• If you have both Medicare and Medicaid
  • If you qualify for Extra Help to pay for your prescription drug costs
  • If you live in an institution (like a nursing home)

Call your State Health Insurance Assistance Program (SHIP) for more information.

A health coverage option run by private insurance companies approved by and under contract with Medicare:

  • Includes Medicare Parts A and B but can charge different amounts for certain services
  • May offer extra coverage and prescription drug coverage for an extra cost
  • Costs for items and services vary by plan
  • If you want drug coverage, you must get it through your plan (in most cases)
  • You don’t need a Medigap policy

Medicare Part D Prescription Drug Coverage

It’s a prescription drug option run by private insurance companies approved by and under contract with Medicare helps cover the cost of prescription drugs. May help lower your prescription drug costs and help protect against higher costs in the future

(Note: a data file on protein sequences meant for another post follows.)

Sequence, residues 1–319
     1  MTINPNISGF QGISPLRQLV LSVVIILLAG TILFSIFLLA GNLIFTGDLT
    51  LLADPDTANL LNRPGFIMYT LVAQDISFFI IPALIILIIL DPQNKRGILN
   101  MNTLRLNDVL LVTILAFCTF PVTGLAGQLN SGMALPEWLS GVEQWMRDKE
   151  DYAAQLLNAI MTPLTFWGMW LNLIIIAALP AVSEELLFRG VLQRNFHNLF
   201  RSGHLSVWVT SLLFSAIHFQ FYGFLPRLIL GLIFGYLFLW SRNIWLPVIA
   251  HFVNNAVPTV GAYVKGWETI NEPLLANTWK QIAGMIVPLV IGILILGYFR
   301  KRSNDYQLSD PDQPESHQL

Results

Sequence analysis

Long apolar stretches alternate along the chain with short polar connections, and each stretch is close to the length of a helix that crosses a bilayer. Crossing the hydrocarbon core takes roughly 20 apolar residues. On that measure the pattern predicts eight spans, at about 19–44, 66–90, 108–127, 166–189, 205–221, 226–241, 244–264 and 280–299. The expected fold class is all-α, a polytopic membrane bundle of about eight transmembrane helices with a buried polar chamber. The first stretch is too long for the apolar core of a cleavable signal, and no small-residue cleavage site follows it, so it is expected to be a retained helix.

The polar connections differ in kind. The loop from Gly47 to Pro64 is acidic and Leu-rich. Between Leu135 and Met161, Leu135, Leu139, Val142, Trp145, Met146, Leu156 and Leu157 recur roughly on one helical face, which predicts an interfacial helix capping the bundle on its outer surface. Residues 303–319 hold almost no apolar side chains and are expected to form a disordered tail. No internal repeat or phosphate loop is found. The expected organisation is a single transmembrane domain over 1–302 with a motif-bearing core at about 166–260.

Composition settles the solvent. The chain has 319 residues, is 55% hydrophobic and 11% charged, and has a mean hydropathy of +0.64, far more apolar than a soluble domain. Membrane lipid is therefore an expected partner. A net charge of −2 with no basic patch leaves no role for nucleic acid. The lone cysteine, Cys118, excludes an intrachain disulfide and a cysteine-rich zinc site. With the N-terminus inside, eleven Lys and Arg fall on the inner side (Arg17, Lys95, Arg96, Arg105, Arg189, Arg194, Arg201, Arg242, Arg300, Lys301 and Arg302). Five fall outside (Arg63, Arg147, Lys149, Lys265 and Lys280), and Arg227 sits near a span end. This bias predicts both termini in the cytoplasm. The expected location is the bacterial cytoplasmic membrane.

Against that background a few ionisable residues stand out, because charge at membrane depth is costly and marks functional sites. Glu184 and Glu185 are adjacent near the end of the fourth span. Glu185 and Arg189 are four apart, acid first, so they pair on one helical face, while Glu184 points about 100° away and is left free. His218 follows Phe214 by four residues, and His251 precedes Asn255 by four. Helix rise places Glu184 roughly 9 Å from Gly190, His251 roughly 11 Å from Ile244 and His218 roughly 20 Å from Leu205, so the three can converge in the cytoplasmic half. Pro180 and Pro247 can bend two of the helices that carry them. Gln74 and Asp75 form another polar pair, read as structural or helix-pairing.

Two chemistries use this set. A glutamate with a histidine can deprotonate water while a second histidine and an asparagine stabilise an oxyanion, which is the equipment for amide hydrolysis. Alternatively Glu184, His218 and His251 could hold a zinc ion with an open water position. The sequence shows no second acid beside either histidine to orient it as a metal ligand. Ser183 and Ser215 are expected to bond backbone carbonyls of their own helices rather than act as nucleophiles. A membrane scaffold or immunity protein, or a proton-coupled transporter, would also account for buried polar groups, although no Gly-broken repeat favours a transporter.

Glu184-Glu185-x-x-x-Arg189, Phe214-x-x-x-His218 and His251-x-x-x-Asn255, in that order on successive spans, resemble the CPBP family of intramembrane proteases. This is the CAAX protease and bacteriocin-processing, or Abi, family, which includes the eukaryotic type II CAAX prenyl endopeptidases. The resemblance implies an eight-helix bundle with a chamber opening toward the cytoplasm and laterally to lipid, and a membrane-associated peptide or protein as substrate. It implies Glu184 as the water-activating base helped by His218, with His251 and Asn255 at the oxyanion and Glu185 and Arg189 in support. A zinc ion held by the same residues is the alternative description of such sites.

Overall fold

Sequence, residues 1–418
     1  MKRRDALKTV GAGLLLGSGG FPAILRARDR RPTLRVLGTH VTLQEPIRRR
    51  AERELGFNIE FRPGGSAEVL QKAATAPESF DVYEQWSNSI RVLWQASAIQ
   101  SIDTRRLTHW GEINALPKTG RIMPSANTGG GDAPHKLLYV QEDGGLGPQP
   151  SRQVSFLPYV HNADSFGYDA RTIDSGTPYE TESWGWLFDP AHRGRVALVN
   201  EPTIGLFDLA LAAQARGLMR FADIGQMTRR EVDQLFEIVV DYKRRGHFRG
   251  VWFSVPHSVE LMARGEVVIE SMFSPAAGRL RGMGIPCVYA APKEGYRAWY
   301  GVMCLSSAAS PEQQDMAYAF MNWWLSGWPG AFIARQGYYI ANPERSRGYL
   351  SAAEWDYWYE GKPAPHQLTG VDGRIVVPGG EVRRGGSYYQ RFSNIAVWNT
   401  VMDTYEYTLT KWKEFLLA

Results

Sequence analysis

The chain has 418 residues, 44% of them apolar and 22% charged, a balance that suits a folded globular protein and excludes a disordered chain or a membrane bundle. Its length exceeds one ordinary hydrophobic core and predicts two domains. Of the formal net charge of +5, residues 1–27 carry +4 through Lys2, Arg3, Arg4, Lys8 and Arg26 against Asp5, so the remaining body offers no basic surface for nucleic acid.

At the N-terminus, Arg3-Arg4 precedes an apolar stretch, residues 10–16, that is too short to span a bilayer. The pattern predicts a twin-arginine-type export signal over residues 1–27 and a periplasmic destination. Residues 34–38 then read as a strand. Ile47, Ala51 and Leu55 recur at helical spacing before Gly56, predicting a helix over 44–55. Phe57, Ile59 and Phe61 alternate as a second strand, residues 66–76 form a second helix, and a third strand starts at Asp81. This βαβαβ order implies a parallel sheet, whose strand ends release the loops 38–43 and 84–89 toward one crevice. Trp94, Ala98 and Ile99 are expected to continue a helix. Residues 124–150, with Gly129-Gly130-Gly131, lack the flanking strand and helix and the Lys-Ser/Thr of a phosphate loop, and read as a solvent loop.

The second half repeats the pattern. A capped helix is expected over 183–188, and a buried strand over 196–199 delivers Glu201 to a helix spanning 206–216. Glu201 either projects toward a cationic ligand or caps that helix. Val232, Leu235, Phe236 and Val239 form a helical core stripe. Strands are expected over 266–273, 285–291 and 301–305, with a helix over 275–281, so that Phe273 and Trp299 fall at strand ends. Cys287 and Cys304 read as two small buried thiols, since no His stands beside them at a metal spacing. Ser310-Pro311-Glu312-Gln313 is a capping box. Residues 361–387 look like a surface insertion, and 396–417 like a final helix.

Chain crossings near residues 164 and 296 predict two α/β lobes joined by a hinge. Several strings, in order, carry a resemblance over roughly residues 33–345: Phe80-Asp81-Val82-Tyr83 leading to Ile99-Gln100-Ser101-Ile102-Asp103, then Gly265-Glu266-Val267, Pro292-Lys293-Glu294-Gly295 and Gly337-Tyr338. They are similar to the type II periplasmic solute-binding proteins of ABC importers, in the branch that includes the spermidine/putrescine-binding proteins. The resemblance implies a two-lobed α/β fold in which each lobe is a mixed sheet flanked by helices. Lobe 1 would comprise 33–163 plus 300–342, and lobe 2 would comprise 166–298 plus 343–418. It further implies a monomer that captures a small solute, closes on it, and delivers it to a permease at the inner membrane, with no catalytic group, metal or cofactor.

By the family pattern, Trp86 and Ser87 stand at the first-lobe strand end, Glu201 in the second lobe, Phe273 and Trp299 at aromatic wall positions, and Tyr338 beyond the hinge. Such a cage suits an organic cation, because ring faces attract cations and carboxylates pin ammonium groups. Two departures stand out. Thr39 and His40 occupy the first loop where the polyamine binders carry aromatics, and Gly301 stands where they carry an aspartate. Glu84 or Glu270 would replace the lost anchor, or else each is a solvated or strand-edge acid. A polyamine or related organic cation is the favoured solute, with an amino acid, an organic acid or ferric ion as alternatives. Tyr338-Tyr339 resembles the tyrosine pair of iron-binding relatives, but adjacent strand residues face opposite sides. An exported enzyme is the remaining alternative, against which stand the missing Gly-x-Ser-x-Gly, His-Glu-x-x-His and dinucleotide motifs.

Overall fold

Medicare offers prescription drug coverage (Medicare Part D) to everyone with Medicare. To get Medicare drug coverage, you must join a Medicare Part D plan run by an insurance company or other private company approved by Medicare. Each plan can vary in cost and the covered drugs.

There are two ways to get Medicare prescription drug coverage:

  1. Medicare Prescription Drug Plans. These plans add drug coverage to Original Medicare, some Medicare Cost Plans, some Medicare Private Fee-for-Service Plans, and Medicare Medical Savings Account Plans.
  2. Medicare Advantage Plan (like an HMO or PPO) or other Medicare health plans that offer Medicare prescription drug coverage. You get all of your Medicare Part A and B coverage, and prescription drug coverage (Part D), through these plans.

Medicare Supplement Basics

Original Medicare covers many health care services and supplies, but there are many costs it doesn’t cover. A Medigap policy is health insurance sold by private insurance companies to fill gaps in Original Medicare coverage.

Medigap policies don’t work with any other type of health insurance including:

  • Medicare Advantage Plans
  • Employer/union group coverage
  • Veterans Administration benefits
  • TRICARE

Medigap policies help pay your share (coinsurance, copayments, or deductibles) of the costs of Medicare-covered services. Some Medigap policies cover certain costs not covered by Original Medicare.